The National Constitutional Review Commission (NCRC) was established on 23 April 2005. The NCRC had 60 members. The National Congress Party and splm had insisted on „applying general power-sharing quotas agreed in the January agreement, which give them 52 percent and 28 percent of seats, respectively, so that other parties have 20 percent and do not have the power to block decisions.“ 1 Some opposition parties must not participate in the constitutional form. Nevertheless, after the arrival of the SPLM political advisers in Khartoum, the drafting of the interim constitution was swift.2 The Commission began its work on 30 April and was expected to complete its task within six weeks. Sudan`s opposition bloc, the National Democratic Alliance (NDA), also joined the constitutional process after the signing of a pioneering agreement with Khartoum in Cairo in June 2005. It appointed 27 members to participate in the NCRC.3 The draft Transitional Constitution was adopted on 6 July 2005 by the National Assembly and the National Liberation Council of the SPLM. The Constitution entered into force on 9 July 2005.4 1.14 The national government cannot withhold an allowance from a state/region or the government of Southern Sudan. Any level of government may initiate proceedings before the Constitutional Court if another body or level with withdrew the funds due to it. The national government makes transfers to the government of South Sudan on the basis of established principles. (Footnote: the issue of nomenclature is resolved in the power-sharing agreement.) The United Nations has closely followed and supported the regional peace initiative under the auspices of the Intergovernmental Authority on Development (IGAD). M.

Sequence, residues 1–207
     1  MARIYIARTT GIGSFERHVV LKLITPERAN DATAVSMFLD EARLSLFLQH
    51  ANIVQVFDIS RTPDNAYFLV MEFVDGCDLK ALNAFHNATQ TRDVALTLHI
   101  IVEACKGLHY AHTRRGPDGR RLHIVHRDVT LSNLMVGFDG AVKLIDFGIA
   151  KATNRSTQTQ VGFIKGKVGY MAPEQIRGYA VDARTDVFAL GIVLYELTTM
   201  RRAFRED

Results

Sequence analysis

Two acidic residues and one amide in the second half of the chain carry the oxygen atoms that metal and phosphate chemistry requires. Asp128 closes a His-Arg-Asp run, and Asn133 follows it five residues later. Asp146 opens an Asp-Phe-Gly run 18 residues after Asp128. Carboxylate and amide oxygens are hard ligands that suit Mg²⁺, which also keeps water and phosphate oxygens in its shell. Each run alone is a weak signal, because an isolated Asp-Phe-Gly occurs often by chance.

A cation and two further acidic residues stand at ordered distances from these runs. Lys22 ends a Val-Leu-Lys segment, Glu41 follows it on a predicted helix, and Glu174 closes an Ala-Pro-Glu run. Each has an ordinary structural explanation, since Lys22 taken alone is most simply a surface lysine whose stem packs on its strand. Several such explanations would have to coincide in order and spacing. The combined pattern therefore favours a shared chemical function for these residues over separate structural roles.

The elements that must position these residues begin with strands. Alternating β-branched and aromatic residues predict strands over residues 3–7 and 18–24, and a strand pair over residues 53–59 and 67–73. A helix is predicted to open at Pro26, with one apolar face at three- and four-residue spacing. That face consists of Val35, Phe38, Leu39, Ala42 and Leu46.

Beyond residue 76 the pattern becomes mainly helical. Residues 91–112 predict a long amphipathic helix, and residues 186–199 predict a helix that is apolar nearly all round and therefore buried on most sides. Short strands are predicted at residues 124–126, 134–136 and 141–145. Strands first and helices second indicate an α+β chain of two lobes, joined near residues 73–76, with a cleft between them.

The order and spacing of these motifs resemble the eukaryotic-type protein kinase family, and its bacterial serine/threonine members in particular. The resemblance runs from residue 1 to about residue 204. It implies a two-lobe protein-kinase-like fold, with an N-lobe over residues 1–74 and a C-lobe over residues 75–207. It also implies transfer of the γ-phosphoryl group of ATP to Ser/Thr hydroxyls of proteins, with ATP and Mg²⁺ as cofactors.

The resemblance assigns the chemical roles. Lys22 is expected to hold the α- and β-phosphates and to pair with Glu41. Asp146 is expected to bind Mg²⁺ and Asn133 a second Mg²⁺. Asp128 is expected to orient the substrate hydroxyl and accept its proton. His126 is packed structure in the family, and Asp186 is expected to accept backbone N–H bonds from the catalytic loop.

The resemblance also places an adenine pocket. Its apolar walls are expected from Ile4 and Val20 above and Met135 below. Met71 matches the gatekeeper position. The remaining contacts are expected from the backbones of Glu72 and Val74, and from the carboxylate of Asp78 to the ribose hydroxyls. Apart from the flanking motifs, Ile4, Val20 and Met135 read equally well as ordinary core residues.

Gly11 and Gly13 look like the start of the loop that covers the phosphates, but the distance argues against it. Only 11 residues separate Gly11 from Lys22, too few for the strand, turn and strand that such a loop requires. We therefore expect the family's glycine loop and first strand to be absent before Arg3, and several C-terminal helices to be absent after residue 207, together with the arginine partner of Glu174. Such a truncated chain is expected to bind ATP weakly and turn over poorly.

Mohamed Sahnoun, Special Adviser to the Secretary-General, and other senior officials represented the United Nations at IGAD summit meetings and consulted with regional Governments and organizations supporting the peace process. They also participated in meetings of the IGAD Partners Forum, composed of donor countries and organizations that support the IGAD peace process and help the regional organization improve its capacity in several areas. The SPLM announced that it would return to government on 13 December 2007 following an agreement. The agreement stipulates that the seat of government will rotate every three months between Juba and Khartoum, while it would seem that this will be largely symbolic, as will the financing of a census (essential to the referendum) and a timetable for the withdrawal of troops by the border.  The cessation of hostilities between the SAF and the SPLA must take place within 72 hours of the signing of the CPA. However, many ceasefire violations have taken place since then. There has been little outrage and demobilization since none of the others trusted. The integrated units (JAI) joints, which included both the SAF and SPLA forces, never functioned properly and became a source of instability.
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